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The Best Sex Advice We Heard In 2021, From Neuroscientists, Sexologists & More

Kelly Gonsalves
Contributing Sex & Relationships Editor By Kelly Gonsalves
Contributing Sex & Relationships Editor

Kelly Gonsalves is a sex educator, relationship coach, and journalist. She received her journalism degree from Northwestern University, and her writings on sex, relationships, identity, and wellness have appeared at The Cut, Vice, Teen Vogue, Cosmopolitan, and elsewhere.

The Best Sex Advice We Heard In 2021, From Neuroscientists, Sexologists & More

In complicated times, it can feel harder than ever to prioritize feeling good. At the same time, it's more important than ever to do so! Pleasure is healing for the soul, and we all could use a little healing these days.

That's why, here at mindbodygreen, we're committed to continuing to have conversations about how to create satisfying, soul-nourishing sexual lives. So in case you missed these gems, here are some of our favorite bits of sex advice we heard from experts throughout this year. We invite you to take a breath, slow down, and get inspired thinking about what new ways of feeling good you could explore in 2022.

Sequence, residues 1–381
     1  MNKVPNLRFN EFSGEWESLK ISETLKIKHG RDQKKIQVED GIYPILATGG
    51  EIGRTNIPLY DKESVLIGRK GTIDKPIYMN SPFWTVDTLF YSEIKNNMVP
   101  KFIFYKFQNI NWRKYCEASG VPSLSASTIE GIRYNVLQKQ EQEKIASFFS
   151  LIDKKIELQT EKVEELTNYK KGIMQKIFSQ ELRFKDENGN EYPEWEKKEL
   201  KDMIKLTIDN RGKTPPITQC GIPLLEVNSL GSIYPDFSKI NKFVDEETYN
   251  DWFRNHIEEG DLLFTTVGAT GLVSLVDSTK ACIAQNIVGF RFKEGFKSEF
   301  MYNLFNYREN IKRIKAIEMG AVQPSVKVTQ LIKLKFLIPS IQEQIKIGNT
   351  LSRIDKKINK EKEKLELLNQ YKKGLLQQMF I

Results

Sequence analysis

Stop worrying about whether you're having "enough sex."

“An even better question is 'Am I (and is my partner) having enough pleasure and connection?' I mean, what counts as sex anyway? If you're focused on 'the act' (whatever that is for you) and the frequency of such, then you're focused on the wrong thing. It's not just about 'getting it done' or checking the box. The point of sex, from my point of view, is to share pleasure with your partner and to feel connected in the process, no matter what you do with your body parts and what the end result is.

"So consider whether you'd like more pleasure and whether you feel enough connection in your relationship. And ask your partner about whether they'd like more of those things. If so, prioritize that. Spend intimate time together, without pressure to hit a goal or do a certain thing. As I say a lot, sex is like going to the playground. It's the outing that counts, not whether you go down the slide. We don't need an agenda; we can get inspired in the moment and do what we feel like doing. The truth is that you literally cannot fail. Any shared outing like that is a success."

Jessa Zimmerman, M.A., AASECT-certified sex therapist and couples' counselor

Read the rest here.

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Sexuality is different from sensuality.

"A lot of us have been given the message that sensuality is synonymous with sexuality, that the only way we can experience sensuality is within a sexual context. But sensuality is so much more than that.

"The way I like to explain sensuality is that it's about paying attention with your senses. If you have ever taken a bite of a juicy piece of fruit and felt your eyes closing as you savored each succulent bite, if you've felt your body sway to the sound of music without your prompting, if you've ever felt totally connected to the aliveness and pleasure in your body—you have had a sensual experience.